Rock has always had glaring blind spots in his commentary on race—the kind that often come when your contempt for racism is also tied to an anti-black filter born of surrounding yourself with successful white people. Call it “the Kanye lens.” For every moment of biting prescience (“You’d think every once in a while the cops would shoot a white kid just to make it look good”), there has been one that was staggeringly obtuse (“Black people did not protest [the Oscars]. Why? Because we had real things to protest at the time. We were too busy being raped and lynched to care about who won best cinematography”). And while building a career on undeniably topical comedy, Rock, like many comics of his generation, has shown himself to be critical of the current wave of social commentary permeating pop culture. When The Federalist wrote that “Tragedy-laced pleas for social action may be having their moment in comedy, but Jerry Seinfeld and Comedians In Cars Getting Coffee are, mercifully, not part of it” in reaction to what was described as “the insufferable wokeness of comedy,” Rock shared the article with the comment: “Thank God for Jerry.”
For years, his much-derided “Niggas vs Black People” bit from 1995’s Bring the Pain, the HBO special that transformed Chris Rock from second-tier Saturday Night Live-er into a superstar, has served as a perfect example of what Chris Rock gets wrong. That segment highlighted an anti-black contempt that wasn’t uncommon among certain quarters of black folks but was no less troubling in how much it said about who gets looked down upon and why. “It’s like a civil war going on with black people and there two sides: there’s black people and there’s niggas,” Rock said in the routine. “And niggas have got to go.”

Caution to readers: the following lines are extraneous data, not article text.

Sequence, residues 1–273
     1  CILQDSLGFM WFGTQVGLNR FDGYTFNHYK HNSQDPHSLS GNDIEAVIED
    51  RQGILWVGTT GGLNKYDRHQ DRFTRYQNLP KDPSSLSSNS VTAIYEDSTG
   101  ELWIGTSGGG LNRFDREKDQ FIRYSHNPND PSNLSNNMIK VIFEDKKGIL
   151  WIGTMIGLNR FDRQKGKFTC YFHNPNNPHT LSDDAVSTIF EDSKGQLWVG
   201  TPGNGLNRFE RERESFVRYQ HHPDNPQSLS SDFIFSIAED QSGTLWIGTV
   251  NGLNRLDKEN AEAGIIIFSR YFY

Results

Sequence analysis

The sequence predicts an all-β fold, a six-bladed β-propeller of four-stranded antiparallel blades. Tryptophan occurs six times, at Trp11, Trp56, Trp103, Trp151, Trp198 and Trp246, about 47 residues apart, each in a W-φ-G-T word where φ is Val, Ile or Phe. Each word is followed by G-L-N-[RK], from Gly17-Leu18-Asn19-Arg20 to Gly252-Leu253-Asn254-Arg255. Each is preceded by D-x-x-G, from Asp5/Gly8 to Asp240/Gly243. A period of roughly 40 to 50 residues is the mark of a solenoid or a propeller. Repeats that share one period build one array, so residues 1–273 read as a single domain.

One of the most galling aspects of being around The Down-Ass White Guy is the constant need for you, the Super-Cool Black Friend, to let them off the hook. Louis C.K. and Chris Rock’s exchange highlights so much of how racism works—C.K. wants to be called a “n---er” as a show of false camaraderie that disavows how his race has benefited him. Did C.K. ever want to be a “n---er” in pitch meetings with major studios? Does it even matter to him that not being one is what got him to his position of influence in the first place?
The other interesting reaction to the clip has been some people’s over-eagerness to single out Jerry Seinfeld as the white guy who “gets it.” Yes, Jerry clearly seems to understand the significance of that word and why white comics tossing it around is a problem; but a white person understanding that the N-word is beyond the the pale in comedy is a pretty low bar—especially when said comedian has gone defensive and tone-deaf in the past when called out for his own history regarding diversity and race. Seinfeld understanding the gravity of what was being joked about shouldn’t be celebrated inasmuch as what the other three men engaged in should be chastised. There was no valor in any of it—only ignorance and one person’s simple recognition of said ignorance.
The public is seething over this video now. Chris Rock is undoubtedly taking the brunt of the criticism—and that’s understandable given the role he plays in this dubious exchange. But no one should downplay what Louis C.K.’s statement and stand-up history represent. Black people can’t give white people “permission” to use the N-word—we can enable the racism but, make no mistake, any white person that needs, wants or seeks “permission” to use it is only looking for a co-signer to what they are already comfortable doing. Louis C.K. says that word and so does Ricky Gervais. And they both think it’s funny. Chris Rock should’ve called them out and never initiated this racist conversation. But I don’t think for a second they would’ve behaved any differently had he not even been in the room.